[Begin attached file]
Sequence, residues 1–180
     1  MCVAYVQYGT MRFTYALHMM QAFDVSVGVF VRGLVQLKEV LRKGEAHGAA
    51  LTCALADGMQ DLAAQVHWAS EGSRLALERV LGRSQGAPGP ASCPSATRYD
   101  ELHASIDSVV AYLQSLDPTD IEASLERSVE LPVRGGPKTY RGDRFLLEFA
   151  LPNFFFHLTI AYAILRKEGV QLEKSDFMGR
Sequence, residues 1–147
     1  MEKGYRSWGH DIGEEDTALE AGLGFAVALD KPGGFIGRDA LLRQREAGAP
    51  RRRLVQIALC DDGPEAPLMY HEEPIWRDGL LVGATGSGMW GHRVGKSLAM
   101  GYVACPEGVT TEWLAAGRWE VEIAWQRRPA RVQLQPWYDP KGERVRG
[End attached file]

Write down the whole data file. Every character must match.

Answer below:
Sequence, residues 1–180
     1  MCVAYVQYGT MRFTYALHMM QAFDVSVGVF VRGLVQLKEV LRKGEAHGAA
    51  LTCALADGMQ DLAAQVHWAS EGSRLALERV LGRSQGAPGP ASCPSATRYD
   101  ELHASIDSVV AYLQSLDPTD IEASLERSVE LPVRGGPKTY RGDRFLLEFA
   151  LPNFFFHLTI AYAILRKEGV QLEKSDFMGR
Sequence, residues 1–147
     1  MEKGYRSWGH DIGEEDTALE AGLGFAVALD KPGGFIGRDA LLRQREAGAP
    51  RRRLVQIALC DDGPEAPLMY HEEPIWRDGL LVGATGSGMW GHRVGKSLAM
   101  GYVACPEGVT TEWLAAGRWE VEIAWQRRPA RVQLQPWYDP KGERVRG